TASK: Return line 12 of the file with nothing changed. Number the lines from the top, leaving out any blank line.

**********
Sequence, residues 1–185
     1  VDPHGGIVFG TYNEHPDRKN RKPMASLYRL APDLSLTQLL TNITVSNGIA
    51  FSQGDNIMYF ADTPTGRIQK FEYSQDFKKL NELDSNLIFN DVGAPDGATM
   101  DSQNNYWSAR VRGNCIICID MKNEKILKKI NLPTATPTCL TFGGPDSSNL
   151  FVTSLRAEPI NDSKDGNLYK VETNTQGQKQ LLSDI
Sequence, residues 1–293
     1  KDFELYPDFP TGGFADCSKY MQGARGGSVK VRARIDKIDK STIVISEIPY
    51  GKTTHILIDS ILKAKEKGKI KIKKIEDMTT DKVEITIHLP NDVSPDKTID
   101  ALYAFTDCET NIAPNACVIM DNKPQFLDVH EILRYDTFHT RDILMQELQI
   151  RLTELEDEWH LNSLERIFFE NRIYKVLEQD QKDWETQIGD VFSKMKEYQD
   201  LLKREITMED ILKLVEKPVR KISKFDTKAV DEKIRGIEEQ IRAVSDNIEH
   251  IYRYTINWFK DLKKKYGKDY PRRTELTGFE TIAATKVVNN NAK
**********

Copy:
   251  IYRYTINWFK DLKKKYGKDY PRRTELTGFE TIAATKVVNN NAK